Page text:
“If you take time off, then there is an immediate and inherent red flag, and your resume is marked,” said Rachel Spiegelman, CEO of Los Angeles based agency, Pitch. “I think there is an inherent bias in advertising rooted in the fact that our industry prides itself on working people to the bones.”

Add to that the fact that agencies pride themselves on a youthful culture that is often unaccepting of older employees. It’s no secret that the search-and-recruiting process values youth. Agencies are typically about skinny jeans, not mom jeans.

“Age is always the elephant in the room, which nobody will admit to, but we all know it’s there, and we feel it,” said Lamond. “The assumption always is, ‘You’re a middle-aged mom; what are you going to bring to the table?”

Take the case of Melissa Hyp, executive assistant to Liz Valentine, co-founder and CEO at Portland-based agency, Swift. When Hyp was trying to return to the workforce in 2014, she highlighted her eight-year stint as a homemaker under the “experience” section of her resume, arguing that it taught her significant managerial skills. But many interviewers scoffed at it.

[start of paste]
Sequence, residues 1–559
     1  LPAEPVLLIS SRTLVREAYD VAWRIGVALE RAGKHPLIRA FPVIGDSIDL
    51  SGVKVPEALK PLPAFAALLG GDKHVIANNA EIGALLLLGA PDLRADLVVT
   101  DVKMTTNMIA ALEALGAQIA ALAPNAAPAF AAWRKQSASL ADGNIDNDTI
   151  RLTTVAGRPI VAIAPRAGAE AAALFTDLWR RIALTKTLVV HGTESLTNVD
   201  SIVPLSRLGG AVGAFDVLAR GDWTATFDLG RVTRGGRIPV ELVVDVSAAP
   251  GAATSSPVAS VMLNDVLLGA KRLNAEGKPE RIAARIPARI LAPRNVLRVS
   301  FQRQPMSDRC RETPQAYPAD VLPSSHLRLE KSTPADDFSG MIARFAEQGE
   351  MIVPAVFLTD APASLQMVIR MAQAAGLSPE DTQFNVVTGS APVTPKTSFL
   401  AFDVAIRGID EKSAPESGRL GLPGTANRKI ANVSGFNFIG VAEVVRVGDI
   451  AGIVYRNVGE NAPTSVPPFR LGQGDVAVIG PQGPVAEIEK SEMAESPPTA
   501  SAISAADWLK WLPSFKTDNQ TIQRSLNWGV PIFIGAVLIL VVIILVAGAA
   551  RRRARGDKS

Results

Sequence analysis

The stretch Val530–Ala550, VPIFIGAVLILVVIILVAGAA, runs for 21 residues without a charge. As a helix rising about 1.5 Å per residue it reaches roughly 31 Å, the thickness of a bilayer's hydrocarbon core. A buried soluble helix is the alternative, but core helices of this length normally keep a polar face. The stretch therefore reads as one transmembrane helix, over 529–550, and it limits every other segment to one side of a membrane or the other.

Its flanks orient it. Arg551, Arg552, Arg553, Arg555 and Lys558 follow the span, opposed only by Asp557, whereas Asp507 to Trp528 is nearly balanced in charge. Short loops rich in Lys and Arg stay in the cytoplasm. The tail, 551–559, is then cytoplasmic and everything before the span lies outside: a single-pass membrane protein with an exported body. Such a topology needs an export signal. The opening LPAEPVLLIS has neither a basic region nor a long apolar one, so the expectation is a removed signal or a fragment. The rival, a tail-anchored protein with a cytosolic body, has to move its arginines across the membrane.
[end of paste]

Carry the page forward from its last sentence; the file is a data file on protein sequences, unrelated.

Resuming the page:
“[The reactions] reeked of sexism; it was like patronizingly getting a pat on the head,” said Hyp.

Solving the talent and diversity problem
Talent and diversity are two of the ad industry’s biggest problems, and the number of such aspiring returnees will only increase in the coming years. As agencies grapple with making their workforce more diverse and heterogeneous, it’ll only help if they take steps to ensure that such candidates can find a place in them, say experts. They can follow in the lead of other companies like Goldman Sachs, for instance, which began offering finance returnships a decade ago.

“It is a real low-hanging fruit and does not take that much of an effort,” said Talent Reconnect’s Wells. “Agencies can literally just model these programs on their internship programs and get as much, if not more, value out of them.”

Agencies may finally be waking up and smelling the coffee, said Jay Haines, founder of executive search firm Grace Blue. According to him, returnship programs are gaining traction both in advertising and other industries. It helps agencies push their diversity and inclusion initiatives forward, tap into the skills and experiences of these folks as well as send out a great message.